Just my $.05.

Posted by: Elmer | October 11, 2005 4:57 PM | Report abuse

The flip side to the "more eyes" argument floated often by the OSS crowd is that there aren't a whole hell of a lot of people who have the desire to find and fix security flaws. Not to mention that there are very few who actually have a clue if they are looking at a vulnerability and what to do about it.

Posted by: Matt | October 11, 2005 6:06 PM | Report abuse

Matt, I don't see how that is a "flip side" since that comment applies equally to both closed source and OSS software.

I think you're right regarding the finding of security flaws, but I think it is impossible to generalize about fixing the flaws. Overall, most companies and OSS projects don't pay enough attention to security fixes. However, the most successful OSS projects seem to realize that their bread is buttered by claiming they release security fixes faster than non-OSS. Because of that, projects like Mozilla, Apache, and others seem to follow through to help support claims of faster fixes.

Posted by: anonymous | October 11, 2005 7:50 PM | Report abuse

In Microsoft's case, the argument does not apply equally. Every dev is required to attend training on the SDL, where, among other things, Writing Secure Code is required reading.

If you want to know more about why the counter argument to "more eyes" doesn't apply to Microsoft, I highly suggest reading about the SDL:

Microsoft uses SDL to make sure products are secure from the beginning of the development process through to the end, rather than depending on a 'community' that may or may not have sufficient training to find problems.

Just compare the first product to go through the SDL (IIS6) with Apache 2.0. To date, there has not been a single vulnerability found in IIS6. Apache 2.0 has been a disaster, made worse by the zealots who feel that OSS can do no wrong.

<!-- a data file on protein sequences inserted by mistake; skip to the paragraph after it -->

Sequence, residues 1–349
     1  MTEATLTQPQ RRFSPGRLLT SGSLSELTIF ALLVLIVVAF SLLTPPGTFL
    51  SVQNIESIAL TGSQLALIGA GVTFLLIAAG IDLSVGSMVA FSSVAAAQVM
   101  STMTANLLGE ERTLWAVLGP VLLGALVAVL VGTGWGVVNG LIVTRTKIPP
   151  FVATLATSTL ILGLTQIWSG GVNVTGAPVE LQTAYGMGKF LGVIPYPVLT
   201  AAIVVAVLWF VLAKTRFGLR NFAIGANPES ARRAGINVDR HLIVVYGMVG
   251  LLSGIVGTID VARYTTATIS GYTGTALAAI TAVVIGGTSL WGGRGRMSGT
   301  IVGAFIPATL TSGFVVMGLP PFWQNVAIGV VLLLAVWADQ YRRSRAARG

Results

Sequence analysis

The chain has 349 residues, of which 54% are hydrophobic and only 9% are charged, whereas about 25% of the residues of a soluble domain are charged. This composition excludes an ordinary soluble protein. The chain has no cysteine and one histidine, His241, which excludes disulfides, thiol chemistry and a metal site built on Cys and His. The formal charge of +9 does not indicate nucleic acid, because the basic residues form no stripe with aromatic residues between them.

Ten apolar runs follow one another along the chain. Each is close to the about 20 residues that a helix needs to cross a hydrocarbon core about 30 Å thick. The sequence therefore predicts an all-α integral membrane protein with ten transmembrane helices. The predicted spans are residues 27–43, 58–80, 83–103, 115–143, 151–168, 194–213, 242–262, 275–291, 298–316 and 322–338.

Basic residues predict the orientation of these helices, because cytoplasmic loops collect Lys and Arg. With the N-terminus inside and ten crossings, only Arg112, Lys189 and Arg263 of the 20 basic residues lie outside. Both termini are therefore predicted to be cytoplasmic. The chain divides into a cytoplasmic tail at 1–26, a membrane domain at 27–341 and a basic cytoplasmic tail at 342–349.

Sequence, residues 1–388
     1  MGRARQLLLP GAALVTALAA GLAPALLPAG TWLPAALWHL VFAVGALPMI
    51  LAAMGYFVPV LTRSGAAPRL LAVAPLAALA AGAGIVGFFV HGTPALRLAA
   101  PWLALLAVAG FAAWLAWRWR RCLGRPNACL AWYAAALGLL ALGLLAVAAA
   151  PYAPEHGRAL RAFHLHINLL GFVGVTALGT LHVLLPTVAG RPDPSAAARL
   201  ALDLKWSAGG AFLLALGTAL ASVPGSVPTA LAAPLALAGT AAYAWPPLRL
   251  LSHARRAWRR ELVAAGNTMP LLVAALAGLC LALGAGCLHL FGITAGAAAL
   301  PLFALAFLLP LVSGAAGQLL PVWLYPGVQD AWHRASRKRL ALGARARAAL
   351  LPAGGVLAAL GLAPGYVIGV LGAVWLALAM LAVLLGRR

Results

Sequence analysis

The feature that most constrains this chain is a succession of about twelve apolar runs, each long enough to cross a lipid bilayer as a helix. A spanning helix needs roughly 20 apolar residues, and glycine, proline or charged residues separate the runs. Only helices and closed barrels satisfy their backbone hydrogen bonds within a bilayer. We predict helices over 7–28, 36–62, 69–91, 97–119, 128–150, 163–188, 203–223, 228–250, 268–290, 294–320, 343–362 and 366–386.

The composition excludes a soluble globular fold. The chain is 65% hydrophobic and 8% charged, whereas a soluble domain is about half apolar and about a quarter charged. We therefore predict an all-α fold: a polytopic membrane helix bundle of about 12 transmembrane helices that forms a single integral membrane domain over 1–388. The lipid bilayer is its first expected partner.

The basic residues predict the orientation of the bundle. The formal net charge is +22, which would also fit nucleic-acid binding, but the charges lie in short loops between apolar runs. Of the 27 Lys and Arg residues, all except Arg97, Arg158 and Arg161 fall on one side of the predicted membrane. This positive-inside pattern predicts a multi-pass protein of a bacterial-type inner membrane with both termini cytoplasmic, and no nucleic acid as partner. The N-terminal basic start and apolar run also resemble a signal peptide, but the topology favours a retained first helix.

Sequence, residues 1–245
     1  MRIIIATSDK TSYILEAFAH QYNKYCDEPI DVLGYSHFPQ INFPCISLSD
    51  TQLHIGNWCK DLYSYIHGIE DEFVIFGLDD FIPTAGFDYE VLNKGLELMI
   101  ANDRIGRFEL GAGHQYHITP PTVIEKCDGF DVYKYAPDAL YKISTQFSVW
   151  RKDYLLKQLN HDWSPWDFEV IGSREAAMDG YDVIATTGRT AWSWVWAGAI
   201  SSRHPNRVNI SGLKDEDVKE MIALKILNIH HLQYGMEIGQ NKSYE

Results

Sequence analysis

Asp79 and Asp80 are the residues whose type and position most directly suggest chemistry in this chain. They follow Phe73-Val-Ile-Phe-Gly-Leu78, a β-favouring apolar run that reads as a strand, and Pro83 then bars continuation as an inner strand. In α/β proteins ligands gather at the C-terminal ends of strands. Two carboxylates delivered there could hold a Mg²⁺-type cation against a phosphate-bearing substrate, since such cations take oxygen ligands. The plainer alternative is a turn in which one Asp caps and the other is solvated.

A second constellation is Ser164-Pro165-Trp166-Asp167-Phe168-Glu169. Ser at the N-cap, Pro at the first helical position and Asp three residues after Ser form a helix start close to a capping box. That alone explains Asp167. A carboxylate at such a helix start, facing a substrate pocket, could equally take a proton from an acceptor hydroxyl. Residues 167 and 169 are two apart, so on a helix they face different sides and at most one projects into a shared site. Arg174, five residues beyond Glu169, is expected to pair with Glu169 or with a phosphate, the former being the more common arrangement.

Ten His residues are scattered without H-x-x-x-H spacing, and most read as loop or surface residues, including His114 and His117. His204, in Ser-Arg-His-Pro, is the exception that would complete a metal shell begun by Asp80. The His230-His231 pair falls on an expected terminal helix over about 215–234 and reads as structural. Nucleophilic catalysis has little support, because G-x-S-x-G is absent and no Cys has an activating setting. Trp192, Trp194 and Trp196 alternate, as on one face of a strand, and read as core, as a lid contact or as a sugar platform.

Posted by: Matt | October 11, 2005 9:00 PM | Report abuse


You might want to pay close attention to the list of acknowledgements regarding the patches:

Do you not find it concerning that folk outside of Microsoft are *STILL* finding flaws in SDL developed software?

Im no security expert, but even armed with closed source, "less eyes" and SDL, why are these things being found by the security community, and NOT Microsoft.

Posted by: Anonymous | October 11, 2005 9:06 PM | Report abuse

With a one to one personal experience with a Microsoft XP Pro Global engineer for over six months in trying to fix installtion issues of an independently purchased XP Pro, I am convinced that the organization has serious problems relating to customer services and contractual agreements that Microsoft supposed to provide. These people waste conumer time with their trial and error approach. Second Microsoft outsourcing Customer Services to places like India, South America and the Far East make things worst for American customers.
Bill Gates himself is a great and decent person, but the Company itself got used to bullying competitors and the like and lost the war. Now it is bullying the consumer and the only realistic avenue is to sue in every small claims and or magistrates court in the country. Class actions and antitrust are where only the lawyers and the Government make out. Consumers need Microsoft attornies to appear in every small claims court to get justice.

Posted by: Winemaster2 | October 19, 2005 5:39 PM | Report abuse

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Posted by: xmen | April 18, 2006 12:10 AM | Report abuse